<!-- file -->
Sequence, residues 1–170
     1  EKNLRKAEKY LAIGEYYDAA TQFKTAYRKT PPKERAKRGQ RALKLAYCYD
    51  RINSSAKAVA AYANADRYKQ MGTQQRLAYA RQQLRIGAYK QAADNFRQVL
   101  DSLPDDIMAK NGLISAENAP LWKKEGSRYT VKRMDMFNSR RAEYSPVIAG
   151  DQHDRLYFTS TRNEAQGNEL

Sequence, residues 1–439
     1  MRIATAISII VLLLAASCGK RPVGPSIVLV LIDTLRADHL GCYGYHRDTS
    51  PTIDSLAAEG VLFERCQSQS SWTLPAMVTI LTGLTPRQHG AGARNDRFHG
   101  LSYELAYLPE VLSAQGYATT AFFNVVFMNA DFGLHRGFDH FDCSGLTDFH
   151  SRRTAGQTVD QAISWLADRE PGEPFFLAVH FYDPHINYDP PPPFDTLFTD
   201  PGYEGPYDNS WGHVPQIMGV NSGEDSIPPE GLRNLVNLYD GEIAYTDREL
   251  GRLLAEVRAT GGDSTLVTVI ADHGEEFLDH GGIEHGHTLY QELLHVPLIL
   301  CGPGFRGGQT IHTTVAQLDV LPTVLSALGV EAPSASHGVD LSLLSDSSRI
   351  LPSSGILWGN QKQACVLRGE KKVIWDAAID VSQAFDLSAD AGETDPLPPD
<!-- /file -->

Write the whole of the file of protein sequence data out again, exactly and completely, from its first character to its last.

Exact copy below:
Sequence, residues 1–170
     1  EKNLRKAEKY LAIGEYYDAA TQFKTAYRKT PPKERAKRGQ RALKLAYCYD
    51  RINSSAKAVA AYANADRYKQ MGTQQRLAYA RQQLRIGAYK QAADNFRQVL
   101  DSLPDDIMAK NGLISAENAP LWKKEGSRYT VKRMDMFNSR RAEYSPVIAG
   151  DQHDRLYFTS TRNEAQGNEL

Sequence, residues 1–439
     1  MRIATAISII VLLLAASCGK RPVGPSIVLV LIDTLRADHL GCYGYHRDTS
    51  PTIDSLAAEG VLFERCQSQS SWTLPAMVTI LTGLTPRQHG AGARNDRFHG
   101  LSYELAYLPE VLSAQGYATT AFFNVVFMNA DFGLHRGFDH FDCSGLTDFH
   151  SRRTAGQTVD QAISWLADRE PGEPFFLAVH FYDPHINYDP PPPFDTLFTD
   201  PGYEGPYDNS WGHVPQIMGV NSGEDSIPPE GLRNLVNLYD GEIAYTDREL
   251  GRLLAEVRAT GGDSTLVTVI ADHGEEFLDH GGIEHGHTLY QELLHVPLIL
   301  CGPGFRGGQT IHTTVAQLDV LPTVLSALGV EAPSASHGVD LSLLSDSSRI
   351  LPSSGILWGN QKQACVLRGE KKVIWDAAID VSQAFDLSAD AGETDPLPPD